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Could the Russian People Turn on Putin Over the Ukraine War?

Image of Russian TOS Unit. Image Credit: Creative Commons.

On Monday, Bloomberg opinion columnist and editorial board member for foreign affairs Clara Ferreira Marques warned that Vladimir Putin could soon face an enemy he will be unable to defeat in Ukraine. It isn’t a new Ukrainian Special Forces unit or even a foreign power.

Rather Marques noted that Putin could face the wrath of Russian mothers whose sons have been senselessly killed in Russia’s so-called “special military operation.” She wrote that the Committee of Soldiers’ Mothers has unleashed its fury at the Kremlin before – during the Chechen War of the 1990s, and notably following the loss of the nuclear-powered submarine Kursk with all hands on board.

Putin had reportedly expected the war to last three days, and instead, it has gone past the 100-day mark without an end in sight. Casualties have mounted, and Russia has failed to achieve any notable objective.

Putin’s Challenge: Another General (or Two) Killed

It is increasingly difficult for Russia to conceal that it has faced setbacks in Ukraine from its people. While propaganda is still being employed, and the Kremlin paints a wildly different story from what is the reality on the ground in Ukraine, state media often can’t hide some of the most notable losses.

Just this weekend, Moscow confirmed that one of its top military leaders, Maj. Gen. Roman Kutuzov was killed leading an assault on a Ukrainian settlement in the Donbas region. The death of Kutuzov has been confirmed by the Ukrainian military, which hasn’t offered additional details.

The killing of Gen. Kutuzov comes as there are rumors circulating on social media that another senior officer, Lt. Gen. Roman Berdnikov, commander of the 29th Army, had also been killed in the fighting this past weekend. While unverified, if true that could bring the losses of general officers to a dozen to date according to Ukrainian officials – though western officials put the number at seven.

Russia’s military commanders have had to lead their forces from the front lines, and the Ukrainians have taken advantage while monitoring radio and even mobile phone communications.

“They look for high profile generals, pilots, artillery commanders,” an official in the Ukrainian government told the Wall Street Journal in March, adding that high-ranking officers are often targeted with either sniper fire or artillery.

Massive Casualties a Problem for Putin

According to reports based on Ukrainian figures, Russia had lost more than 110 men in just the past day, while a total of 31,360 soldiers have been killed since the fighting began on February 24. Those losses exceed the total casualties inflicted on the Soviet Union during its decade-long war in Afghanistan – a conflict that contributed to the dissolution of the Soviet Union at the end of the Cold War.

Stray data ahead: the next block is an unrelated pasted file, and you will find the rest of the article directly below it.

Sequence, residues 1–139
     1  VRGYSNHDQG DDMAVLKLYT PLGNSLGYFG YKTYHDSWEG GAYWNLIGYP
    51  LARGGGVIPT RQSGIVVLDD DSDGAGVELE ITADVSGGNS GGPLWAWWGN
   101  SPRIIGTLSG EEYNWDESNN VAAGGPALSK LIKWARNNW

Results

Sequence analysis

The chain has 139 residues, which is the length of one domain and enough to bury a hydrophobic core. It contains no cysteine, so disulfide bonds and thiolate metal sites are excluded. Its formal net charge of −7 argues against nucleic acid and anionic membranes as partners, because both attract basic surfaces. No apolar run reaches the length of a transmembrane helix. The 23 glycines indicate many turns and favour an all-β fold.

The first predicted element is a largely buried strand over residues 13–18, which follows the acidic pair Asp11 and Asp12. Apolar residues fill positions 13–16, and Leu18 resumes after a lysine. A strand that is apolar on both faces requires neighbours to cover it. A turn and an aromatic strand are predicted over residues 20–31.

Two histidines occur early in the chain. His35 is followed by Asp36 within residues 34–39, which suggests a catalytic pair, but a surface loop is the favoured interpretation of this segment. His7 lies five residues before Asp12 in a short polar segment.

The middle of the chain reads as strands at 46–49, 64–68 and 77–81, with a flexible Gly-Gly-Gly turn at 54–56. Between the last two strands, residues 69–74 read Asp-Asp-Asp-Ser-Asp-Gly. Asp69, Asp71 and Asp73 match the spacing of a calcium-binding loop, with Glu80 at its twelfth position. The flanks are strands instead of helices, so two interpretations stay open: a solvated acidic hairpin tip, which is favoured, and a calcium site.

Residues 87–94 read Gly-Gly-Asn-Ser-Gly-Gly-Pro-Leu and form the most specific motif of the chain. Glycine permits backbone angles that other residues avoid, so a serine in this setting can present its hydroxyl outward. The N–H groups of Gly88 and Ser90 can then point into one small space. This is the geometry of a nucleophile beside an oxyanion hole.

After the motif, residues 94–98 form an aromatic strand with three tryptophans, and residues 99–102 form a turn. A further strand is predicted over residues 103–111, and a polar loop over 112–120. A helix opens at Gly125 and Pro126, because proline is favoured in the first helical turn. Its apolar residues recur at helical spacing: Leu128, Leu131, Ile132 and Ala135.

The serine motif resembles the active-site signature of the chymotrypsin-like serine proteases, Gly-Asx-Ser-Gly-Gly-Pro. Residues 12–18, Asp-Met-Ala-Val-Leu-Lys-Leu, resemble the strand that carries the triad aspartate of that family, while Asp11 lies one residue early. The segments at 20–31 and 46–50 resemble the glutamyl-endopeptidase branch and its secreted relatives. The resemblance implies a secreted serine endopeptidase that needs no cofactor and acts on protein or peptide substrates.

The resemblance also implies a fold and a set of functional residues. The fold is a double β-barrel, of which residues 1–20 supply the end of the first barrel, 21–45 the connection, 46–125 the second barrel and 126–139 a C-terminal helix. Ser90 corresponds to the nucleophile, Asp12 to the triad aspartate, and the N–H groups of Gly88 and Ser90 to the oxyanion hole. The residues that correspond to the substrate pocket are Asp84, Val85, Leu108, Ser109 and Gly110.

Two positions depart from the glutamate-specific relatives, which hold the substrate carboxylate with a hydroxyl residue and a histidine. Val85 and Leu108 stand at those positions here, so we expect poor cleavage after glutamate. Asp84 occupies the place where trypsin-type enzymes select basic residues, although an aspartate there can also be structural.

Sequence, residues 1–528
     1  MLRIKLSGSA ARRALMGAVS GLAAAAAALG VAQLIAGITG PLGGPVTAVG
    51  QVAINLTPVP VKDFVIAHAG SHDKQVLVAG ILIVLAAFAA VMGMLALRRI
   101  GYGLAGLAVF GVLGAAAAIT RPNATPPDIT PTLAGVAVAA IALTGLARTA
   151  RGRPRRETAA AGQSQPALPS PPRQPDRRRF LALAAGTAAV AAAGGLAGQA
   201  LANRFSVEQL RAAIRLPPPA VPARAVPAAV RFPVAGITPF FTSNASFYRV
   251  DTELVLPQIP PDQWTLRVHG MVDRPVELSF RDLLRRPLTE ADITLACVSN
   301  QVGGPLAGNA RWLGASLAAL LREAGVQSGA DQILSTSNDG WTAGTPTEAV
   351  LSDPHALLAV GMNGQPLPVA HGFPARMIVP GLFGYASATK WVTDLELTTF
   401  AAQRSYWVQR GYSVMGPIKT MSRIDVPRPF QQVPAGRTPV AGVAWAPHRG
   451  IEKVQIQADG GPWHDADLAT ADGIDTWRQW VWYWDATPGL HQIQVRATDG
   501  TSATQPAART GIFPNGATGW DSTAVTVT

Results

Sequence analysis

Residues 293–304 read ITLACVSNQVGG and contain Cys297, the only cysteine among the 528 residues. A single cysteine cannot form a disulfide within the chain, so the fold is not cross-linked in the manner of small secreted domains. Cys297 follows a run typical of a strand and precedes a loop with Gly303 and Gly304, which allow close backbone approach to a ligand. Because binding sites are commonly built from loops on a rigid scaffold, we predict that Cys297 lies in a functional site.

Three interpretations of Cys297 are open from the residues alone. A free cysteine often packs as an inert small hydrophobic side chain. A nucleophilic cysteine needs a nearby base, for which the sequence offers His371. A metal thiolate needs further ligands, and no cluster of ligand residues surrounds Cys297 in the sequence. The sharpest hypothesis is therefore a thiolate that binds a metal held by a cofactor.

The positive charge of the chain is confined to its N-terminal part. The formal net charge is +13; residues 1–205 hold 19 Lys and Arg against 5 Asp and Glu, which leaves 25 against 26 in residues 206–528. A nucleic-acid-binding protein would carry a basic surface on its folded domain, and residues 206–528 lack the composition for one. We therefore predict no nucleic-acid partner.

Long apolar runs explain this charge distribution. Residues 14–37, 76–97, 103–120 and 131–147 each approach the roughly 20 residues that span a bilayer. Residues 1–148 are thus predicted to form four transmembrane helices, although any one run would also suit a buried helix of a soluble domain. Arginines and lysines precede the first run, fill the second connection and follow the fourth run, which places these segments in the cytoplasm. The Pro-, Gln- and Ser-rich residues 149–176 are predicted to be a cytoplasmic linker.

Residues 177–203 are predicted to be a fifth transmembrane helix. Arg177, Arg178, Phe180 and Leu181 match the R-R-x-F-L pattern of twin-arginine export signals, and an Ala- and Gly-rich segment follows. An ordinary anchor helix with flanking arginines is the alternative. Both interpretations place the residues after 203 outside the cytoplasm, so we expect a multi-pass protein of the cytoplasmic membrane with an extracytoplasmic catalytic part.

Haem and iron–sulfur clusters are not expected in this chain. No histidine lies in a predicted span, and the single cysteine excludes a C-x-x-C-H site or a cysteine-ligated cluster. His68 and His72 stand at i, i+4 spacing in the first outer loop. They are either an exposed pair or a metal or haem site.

In addition, 1,390 tanks, 3,416 armored fighting vehicles, and 212 aircraft have been destroyed, which is the greatest loss of military hardware in a conflict since the Second World War. The Russian Navy has also lost 13 warships and boats, including the Black Sea Fleet’s flagship Moskva, which was hit by Ukrainian Neptune anti-ship missiles in April.


Russian President Putin. Image Credit: Creative Commons.

The combat losses remain unconfirmed by Moscow, in part as Russia lists military deaths as “state secrets” even in peacetime. However, the Kremlin has not updated its official casualty figures since March 25. Moscow has also tried to paint its losses as heroes of the Motherland, men killed in a noble fight to denazify Ukraine – but that “truth” is doing little to comfort the actual mothers back in Russia. Putin should worry.

Now a Senior Editor for 1945, Peter Suciu is a Michigan-based writer who has contributed to more than four dozen magazines, newspapers and websites. He regularly writes about military hardware, and is the author of several books on military headgear including A Gallery of Military Headdress, which is available on Peter is also a Contributing Writer for Forbes.

Written By

Expert Biography: A Senior Editor for 1945, Peter Suciu is a Michigan-based writer who has contributed to more than four dozen magazines, newspapers, and websites with over 3,000 published pieces over a twenty-year career in journalism. He regularly writes about military hardware, firearms history, cybersecurity, and international affairs. Peter is also a Contributing Writer for Forbes. You can follow him on Twitter: @PeterSuciu.